To the day when the pandemic is over...
On March 25, 2020, India was put under lockdown. Highways shut, cities locked and everyone advised to stay indoors. Six weeks since the declaration, we are still cooped up indoors, waiting, more desperately than ever for the ordeal to end.
If your lockdown days were majorly about fun with family or friends, you have been fortunate. While several others have tasted the bitterness of loss during these trying times. Parents, children, friends, families — all snatched away by a deadly virus. Jobs lost to an uncertain future. Sources of income…cut off.
Courage and strength fall short, as these people try to survive in these grim, bleak times.
My loss during the lockdown was my father. Thankfully not to COVID-19, but a cardiac arrest. Because of living in different states, we came to know the day after. My mind, every single minute since then is occupied with thoughts — did I tell him I was proud of him; did I express my love for him or did I make sure that he felt cared for? Unfortunately, I don’t have answers to these questions, and I never will, I know.
Sometimes at night, when anxiety hits, my palpating heart leaves me numb. A weird pricking chill moves through my body, leaving me feeling paralysed. The fear doesn’t fade so easily. It sleeps and wakes up with me, works with me throughout the day and then when I am at my most vulnerable moment, it preys on me.
I am just one of the many going through one of the hardest times of their lives. I can relate to the sea of people going through the same.
Reports every day bring fresh numbers of people dying. Close to 2.9 lakhs that means almost two lakh ninety thousand families have lost their loved ones.
But it’s not just about the people lost to the battles. It’s also about the casualties. Migrant workers stranded in long lines without food or water, hang on to the hope that they will be home.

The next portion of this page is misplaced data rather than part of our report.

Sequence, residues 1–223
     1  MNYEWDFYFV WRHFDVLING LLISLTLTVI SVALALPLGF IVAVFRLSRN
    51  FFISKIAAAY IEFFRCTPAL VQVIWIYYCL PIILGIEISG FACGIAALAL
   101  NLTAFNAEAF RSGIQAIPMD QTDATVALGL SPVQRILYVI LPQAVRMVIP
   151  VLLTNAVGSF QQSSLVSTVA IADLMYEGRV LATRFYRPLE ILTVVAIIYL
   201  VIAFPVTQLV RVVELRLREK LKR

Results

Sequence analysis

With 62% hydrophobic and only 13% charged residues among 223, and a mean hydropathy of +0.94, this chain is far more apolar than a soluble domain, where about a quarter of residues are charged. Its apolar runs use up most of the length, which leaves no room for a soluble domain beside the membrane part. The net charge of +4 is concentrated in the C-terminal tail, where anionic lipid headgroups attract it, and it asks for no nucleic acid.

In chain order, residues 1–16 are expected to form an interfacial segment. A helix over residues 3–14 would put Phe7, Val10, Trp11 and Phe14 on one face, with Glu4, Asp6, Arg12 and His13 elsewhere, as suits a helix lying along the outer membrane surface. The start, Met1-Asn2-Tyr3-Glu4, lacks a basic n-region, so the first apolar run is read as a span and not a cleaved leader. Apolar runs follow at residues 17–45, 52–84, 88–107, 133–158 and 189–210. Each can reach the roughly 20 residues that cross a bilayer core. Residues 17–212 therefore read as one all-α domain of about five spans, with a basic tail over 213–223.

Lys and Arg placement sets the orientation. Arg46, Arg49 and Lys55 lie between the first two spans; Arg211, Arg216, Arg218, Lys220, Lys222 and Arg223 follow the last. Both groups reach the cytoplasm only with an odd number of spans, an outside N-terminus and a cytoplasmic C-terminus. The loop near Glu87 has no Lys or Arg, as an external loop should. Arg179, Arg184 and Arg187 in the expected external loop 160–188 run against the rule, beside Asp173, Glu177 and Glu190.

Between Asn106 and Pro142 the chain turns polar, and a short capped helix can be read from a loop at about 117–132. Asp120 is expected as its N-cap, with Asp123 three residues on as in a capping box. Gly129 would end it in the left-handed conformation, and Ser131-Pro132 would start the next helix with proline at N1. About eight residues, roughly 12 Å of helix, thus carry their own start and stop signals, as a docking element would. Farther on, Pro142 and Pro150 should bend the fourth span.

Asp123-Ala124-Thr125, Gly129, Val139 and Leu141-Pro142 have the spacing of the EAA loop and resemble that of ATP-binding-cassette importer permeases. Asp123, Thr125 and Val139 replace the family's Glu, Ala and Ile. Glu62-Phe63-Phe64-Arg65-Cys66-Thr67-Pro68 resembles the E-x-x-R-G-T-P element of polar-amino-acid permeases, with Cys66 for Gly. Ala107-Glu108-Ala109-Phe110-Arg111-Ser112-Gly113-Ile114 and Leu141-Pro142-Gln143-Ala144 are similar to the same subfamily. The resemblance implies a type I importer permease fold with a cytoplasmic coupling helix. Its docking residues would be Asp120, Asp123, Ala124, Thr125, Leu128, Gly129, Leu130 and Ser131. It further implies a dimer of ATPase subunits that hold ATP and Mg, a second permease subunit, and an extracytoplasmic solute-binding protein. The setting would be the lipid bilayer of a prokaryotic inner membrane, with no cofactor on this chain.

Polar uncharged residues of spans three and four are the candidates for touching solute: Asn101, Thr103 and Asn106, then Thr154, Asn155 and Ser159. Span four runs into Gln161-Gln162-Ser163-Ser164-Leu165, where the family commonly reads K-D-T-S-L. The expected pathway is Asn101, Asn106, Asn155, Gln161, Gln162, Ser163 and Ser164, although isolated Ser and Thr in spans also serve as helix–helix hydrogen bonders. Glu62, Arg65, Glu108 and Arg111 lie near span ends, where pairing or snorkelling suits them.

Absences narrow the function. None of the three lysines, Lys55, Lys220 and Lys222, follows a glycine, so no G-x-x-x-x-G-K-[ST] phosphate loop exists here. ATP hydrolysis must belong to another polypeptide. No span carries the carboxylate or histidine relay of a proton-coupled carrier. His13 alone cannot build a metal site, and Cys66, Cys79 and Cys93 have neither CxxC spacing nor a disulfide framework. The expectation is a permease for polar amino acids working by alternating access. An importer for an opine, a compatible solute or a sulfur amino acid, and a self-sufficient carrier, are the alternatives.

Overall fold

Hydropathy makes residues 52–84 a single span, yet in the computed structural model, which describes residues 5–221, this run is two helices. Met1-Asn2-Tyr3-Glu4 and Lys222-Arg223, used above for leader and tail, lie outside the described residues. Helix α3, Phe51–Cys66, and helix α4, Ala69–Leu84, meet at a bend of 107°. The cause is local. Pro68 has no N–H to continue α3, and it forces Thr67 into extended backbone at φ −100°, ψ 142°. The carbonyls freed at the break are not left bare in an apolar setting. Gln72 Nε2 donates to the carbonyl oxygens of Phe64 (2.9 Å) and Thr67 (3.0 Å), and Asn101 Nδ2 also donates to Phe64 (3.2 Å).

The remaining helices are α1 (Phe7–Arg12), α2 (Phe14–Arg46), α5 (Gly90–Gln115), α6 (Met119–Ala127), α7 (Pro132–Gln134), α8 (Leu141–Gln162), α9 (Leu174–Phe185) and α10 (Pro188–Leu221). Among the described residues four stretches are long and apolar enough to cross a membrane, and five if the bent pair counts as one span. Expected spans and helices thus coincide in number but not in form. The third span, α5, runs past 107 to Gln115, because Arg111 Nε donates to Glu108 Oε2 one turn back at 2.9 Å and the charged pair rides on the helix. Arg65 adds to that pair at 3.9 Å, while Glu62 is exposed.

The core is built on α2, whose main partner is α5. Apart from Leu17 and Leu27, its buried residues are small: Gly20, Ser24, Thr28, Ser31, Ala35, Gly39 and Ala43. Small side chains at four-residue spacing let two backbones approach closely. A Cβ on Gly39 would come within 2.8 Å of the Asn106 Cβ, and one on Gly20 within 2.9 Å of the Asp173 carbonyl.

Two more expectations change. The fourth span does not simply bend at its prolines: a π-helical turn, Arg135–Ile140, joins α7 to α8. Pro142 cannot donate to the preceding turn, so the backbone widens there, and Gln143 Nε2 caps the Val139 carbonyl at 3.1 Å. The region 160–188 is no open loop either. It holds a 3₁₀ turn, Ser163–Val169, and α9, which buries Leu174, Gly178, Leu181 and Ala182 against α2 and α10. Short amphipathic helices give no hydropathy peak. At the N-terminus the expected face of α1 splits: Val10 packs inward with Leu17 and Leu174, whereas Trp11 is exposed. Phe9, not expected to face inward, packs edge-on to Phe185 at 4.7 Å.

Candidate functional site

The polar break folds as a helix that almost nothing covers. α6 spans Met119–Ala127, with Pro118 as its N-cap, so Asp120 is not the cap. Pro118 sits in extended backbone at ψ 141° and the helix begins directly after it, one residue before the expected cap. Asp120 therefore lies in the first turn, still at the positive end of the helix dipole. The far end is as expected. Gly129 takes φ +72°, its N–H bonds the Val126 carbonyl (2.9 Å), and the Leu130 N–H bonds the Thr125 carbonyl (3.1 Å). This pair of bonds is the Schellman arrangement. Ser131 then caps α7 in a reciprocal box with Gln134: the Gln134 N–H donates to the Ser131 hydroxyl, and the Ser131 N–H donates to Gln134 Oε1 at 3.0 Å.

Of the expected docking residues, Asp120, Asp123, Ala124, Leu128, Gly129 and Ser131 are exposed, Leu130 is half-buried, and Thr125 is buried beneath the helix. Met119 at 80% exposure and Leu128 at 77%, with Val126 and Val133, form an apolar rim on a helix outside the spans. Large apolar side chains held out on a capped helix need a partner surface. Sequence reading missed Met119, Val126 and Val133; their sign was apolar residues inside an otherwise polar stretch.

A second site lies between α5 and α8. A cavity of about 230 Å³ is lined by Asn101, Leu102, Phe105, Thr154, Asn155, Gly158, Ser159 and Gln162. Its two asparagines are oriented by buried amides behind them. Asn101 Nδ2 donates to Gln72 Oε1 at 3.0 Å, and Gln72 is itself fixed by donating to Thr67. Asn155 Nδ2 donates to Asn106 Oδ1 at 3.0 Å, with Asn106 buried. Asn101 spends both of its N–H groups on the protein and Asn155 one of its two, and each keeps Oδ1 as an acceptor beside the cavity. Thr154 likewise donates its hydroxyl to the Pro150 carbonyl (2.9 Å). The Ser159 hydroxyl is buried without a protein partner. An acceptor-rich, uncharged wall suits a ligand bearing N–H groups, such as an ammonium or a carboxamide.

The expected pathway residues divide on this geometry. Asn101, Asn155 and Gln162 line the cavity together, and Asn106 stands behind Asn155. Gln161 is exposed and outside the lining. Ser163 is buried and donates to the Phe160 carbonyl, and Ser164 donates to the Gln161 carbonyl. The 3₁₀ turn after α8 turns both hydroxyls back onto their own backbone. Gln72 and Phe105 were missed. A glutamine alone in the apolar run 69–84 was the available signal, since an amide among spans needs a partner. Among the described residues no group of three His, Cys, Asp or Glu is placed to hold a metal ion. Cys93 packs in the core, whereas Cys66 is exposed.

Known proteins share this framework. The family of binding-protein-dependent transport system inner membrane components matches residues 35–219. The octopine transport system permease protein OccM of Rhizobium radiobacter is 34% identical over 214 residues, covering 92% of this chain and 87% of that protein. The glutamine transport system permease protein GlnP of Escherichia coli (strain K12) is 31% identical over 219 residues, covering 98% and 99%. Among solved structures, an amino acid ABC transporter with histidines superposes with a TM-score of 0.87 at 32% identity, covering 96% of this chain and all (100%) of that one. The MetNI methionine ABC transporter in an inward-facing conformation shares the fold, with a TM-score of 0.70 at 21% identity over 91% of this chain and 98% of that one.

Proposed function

Health workers, police and supporting staff – taking the battle head-on.
Do you think they aren’t worried about getting infected? Spare a moment for their family and loved ones. Think about the anxieties they are drenched in.
Our world, as we know, it does not exist anymore. It is a new world, a new normal – unprecedented. We cannot predict what will come next.
However, we can hold on to what we already have, as tightly as possible. Hold your loved ones a little closer and tell them how much they mean to you. Let your parents know you love them. Let your friends know how important they are and how dull would your life be without them.
This is our time to introspect. Understand what really matters and is worth the effort. In a race to achieve all that we can, maybe somewhere we have forgotten how to live and what we are living for. As children, we are taught to value love, morales and principles. We are trained to be nice to everyone around us and respect everyone. We are told to care for mother nature. But.. as we grow up, most of these things fade away, and we become self-made. We teach ourselves what to believe in and forget what was taught.
But now is our time to move beyond self-love, and ensure we care for others the same way. At least a virus has taught us to unite like never before and care for each other, even if its foundation is more of self-safety than concern. At least, there’s a start.
Take this time to realise what you have, and be thankful. Everyone isn’t that fortunate. Hopefully, life will soon be back to normal, but for a lot of people, it will never be the same. Remember to be kind. They have seen grave days and suffered irreplaceable losses. We cannot do anything about that, but we can sure make life easier for such people. Be patient with your co-workers and support your helpers. Right now, they need you, more than ever.
We often say ‘I wish I could do it all over again’ and here it is. Our chance to restart and reprioritise. Our opportunity to make a new beginning, to choose better and to be better.
Good luck to us in our efforts in creating our better versions.